William J. Holstein

Another Review in the Financial Times

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June 23, 2011 5:26 pm
Book review: The Next American Economy

By Daniel Ben-Ami


For those of us with some grey hair, it is hard to remember the 1990s technology bubble without suppressing a chuckle. In retrospect some of the wilder claims of that exuberant era were transparently ridiculous – in particular that a new economy had emerged in the US that was so productive that many companies no longer needed to concern themselves with profitability. Nor was it unusual to hear market bulls asserting that equities were bound to rise strongly forever.

With the benefit of hindsight, such contentions seem absurd and indeed, even at the time the more astute commentators argued against them. But amid all the hype about the “new economy” a genuinely important transformation was taking place. The old model of innovation and technological progress was being replaced with a new one based on the way California’s Silicon Valley operated. Unfortunately, however, overblown discussions about the dotcom boom meant that this shift did not get the attention it deserved.

The Next American Economy (Walker & Co, $25) can be seen as an attempt to redress the balance. William J. Holstein, a veteran journalist and author, provides a useful snapshot of this new economic model. He travels around the US surveying several important business clusters before drawing broader policy conclusions about how to rejuvenate US manufacturing. Along the way he is scathing of economists for failing to “understand the ecosystems that create wealth because they rarely allow their tasselled loafers to set foot on the ground outside their ivory towers”.

Undoubtedly the best part of Holstein’s book is his vivid journalistic account of some of the key new clusters of high-technology innovation. Among the places he profiles are Pittsburgh, Pennsylvania (advanced robotics), Orlando, Florida (computer simulation) and San Diego, California (genomics). These are not identical, but they have several elements in common.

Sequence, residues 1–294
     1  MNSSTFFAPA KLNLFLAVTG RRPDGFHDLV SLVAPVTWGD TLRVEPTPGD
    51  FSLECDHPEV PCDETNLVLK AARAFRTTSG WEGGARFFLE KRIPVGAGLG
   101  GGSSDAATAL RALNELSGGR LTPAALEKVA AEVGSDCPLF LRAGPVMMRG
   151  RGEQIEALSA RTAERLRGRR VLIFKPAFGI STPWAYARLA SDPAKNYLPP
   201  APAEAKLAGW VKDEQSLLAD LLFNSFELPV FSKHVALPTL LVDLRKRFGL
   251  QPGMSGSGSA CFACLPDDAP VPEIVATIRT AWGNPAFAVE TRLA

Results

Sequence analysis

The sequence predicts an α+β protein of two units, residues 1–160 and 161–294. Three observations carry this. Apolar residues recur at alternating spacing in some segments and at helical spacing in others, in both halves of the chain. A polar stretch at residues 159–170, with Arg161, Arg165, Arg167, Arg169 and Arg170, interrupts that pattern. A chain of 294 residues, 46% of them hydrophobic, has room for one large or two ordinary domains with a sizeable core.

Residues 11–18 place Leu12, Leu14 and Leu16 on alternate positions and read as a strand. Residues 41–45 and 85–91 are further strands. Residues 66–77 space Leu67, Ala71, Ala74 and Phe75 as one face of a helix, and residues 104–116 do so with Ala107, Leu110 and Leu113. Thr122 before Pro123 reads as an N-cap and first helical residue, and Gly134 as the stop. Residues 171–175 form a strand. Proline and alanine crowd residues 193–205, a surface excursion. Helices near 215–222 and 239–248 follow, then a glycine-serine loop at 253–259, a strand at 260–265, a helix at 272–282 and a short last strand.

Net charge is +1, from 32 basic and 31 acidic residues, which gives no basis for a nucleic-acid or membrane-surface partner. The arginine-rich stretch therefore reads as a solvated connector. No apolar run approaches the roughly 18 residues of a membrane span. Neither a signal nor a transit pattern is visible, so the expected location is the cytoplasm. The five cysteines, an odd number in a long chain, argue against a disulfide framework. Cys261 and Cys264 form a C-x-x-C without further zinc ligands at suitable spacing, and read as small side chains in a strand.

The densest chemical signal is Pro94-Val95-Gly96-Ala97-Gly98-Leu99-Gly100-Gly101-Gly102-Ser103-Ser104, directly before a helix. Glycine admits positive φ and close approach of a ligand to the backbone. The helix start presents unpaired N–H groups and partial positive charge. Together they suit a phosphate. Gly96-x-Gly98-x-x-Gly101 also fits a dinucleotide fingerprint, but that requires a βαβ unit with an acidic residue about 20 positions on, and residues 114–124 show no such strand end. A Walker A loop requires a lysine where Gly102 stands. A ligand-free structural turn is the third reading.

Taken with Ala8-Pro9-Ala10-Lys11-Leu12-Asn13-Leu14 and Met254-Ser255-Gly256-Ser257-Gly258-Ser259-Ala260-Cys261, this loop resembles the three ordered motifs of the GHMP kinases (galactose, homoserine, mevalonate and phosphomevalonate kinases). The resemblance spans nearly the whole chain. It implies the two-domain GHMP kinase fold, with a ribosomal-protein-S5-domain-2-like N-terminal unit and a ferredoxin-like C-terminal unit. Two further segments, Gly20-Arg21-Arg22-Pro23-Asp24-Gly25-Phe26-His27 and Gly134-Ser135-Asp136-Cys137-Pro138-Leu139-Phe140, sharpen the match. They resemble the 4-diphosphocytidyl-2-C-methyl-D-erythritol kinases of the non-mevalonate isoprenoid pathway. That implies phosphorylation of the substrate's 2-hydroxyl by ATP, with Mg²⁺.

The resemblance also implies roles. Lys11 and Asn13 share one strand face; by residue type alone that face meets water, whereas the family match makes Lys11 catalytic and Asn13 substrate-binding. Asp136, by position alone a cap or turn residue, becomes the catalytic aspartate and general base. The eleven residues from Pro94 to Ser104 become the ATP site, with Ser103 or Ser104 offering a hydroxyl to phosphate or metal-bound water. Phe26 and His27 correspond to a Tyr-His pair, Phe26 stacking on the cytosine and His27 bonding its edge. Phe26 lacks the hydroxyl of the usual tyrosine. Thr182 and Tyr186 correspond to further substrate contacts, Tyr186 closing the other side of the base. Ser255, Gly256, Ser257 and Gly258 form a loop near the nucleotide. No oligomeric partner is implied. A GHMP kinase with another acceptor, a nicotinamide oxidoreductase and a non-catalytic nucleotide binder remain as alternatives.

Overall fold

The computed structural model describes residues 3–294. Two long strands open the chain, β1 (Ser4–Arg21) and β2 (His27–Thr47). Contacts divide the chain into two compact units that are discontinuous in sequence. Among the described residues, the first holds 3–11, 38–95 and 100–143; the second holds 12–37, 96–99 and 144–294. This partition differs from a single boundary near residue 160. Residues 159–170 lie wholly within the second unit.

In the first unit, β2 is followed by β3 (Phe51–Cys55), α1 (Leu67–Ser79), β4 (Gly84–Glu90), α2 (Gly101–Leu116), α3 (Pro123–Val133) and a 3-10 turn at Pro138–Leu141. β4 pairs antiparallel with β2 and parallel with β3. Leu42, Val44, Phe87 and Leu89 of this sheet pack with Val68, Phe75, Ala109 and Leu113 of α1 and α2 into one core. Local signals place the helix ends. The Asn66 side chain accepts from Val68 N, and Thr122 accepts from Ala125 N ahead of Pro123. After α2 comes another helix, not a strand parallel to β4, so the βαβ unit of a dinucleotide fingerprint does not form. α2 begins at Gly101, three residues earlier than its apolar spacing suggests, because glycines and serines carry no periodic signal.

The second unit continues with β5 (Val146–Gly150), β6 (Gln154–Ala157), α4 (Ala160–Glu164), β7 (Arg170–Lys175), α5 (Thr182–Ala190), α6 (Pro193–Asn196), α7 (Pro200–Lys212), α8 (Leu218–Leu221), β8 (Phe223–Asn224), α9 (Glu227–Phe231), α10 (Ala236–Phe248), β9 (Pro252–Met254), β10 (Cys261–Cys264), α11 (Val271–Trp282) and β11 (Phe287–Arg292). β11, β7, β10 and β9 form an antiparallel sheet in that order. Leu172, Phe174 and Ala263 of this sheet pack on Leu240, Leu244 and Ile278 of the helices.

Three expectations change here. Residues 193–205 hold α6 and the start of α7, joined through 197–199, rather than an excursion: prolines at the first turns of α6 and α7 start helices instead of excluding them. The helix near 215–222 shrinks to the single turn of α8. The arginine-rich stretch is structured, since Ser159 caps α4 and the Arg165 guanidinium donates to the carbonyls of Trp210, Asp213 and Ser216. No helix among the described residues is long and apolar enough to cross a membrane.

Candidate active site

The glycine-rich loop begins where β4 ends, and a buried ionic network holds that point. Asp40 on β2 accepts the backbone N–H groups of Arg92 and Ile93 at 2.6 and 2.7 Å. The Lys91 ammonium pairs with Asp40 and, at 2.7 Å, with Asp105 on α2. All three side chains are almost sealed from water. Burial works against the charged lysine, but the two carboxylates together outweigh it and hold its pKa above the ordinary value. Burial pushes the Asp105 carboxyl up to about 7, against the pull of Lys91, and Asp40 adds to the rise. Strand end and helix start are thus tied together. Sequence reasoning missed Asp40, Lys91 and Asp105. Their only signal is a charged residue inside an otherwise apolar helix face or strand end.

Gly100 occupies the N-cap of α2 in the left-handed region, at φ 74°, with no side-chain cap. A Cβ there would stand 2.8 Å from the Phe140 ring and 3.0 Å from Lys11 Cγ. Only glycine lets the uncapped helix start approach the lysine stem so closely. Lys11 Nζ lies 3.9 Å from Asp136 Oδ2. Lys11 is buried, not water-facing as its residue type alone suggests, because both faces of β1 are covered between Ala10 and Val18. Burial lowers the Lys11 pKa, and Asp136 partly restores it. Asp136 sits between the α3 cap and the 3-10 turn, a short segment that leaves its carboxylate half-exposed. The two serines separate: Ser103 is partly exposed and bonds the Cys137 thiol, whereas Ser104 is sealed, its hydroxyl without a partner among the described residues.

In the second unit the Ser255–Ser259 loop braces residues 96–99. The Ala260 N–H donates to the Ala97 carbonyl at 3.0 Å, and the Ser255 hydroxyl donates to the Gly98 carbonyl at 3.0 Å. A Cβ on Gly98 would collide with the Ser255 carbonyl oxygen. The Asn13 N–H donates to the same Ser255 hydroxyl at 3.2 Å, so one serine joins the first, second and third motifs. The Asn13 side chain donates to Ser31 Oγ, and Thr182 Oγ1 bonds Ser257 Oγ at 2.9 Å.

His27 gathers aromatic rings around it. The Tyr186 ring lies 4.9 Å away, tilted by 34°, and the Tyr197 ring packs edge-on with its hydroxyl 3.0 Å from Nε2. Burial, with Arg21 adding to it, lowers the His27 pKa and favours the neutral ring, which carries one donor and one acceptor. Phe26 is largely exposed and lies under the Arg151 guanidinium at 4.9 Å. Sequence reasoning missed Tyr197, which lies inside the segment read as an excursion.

Each has an “ideas factory” at its centre that can be a university, corporate laboratory or national weapons laboratory. Typically, scientist-entrepreneurs from one of these places establish start-up businesses to commercialise their ideas. If they are lucky, they will have a plentiful supply of venture capital to help finance their new companies.

Holstein uses the broader term “ecosystem” to describe the interaction between multiple players. Not only are ideas generators and private businesses important, but government agencies in their various forms play a crucial role. State support can include mentoring programmes for entrepreneurs, export promotion and backing for educational institutions. Large companies play an important part too, by investing in smaller businesses, licensing their technology and sitting on their boards.

To people who do not remember life before Apple or Google, this might seem like common sense, but key pillars of this model are relatively new. The centres of innovation in the US used to be sizeable private labs rather than research projects at universities or start-up businesses. Although some innovation still happens at large companies, it is less than in the past.

The US venture capital industry only really began to emerge in the 1960s. It has become a vital source of funding for many new businesses, particularly in high technology, but it was not available to earlier generations.

If sketching the new model of innovation is Holstein’s strength, it is also his weakness. He provides readers with a far more graphic view than they could hope to get on their own. This comes at the expense of perspective on the broader success of the model.

There are undoubtedly many examples of great ideas that have been successfully commercialised and often sold around the world. However, it does not follow that the system works as well as it could or even that it is the best way to promote innovation.

From that perspective, Holstein’s disdain for economists is unfortunate. No doubt it is true that many spend too much time looking at abstract models. Nevertheless, economic tools can play a valuable role in measuring the record of an economy.

It is certainly the case that the period of most rapid economic growth in the US, from the end of the second world war to the early 1970s, coincided with the old economic model. Some economists, such as Tyler Cowen, a professor of economics at George Mason University, have gone even further. In his view, the scale of innovation in the US was much greater in the 1950s and 1960s than it has been since the 1970s.

There is, of course, no going back. There may also be other reasons, besides the model, why growth was faster in the post-war period. Focusing on individual entrepreneurs and their ecosystems, while important, can come at the expense of the bigger picture.

The writer is the author of Ferraris for All (Policy Press, 2010)

(c) 2011 William J. Holstein. All rights reserved.
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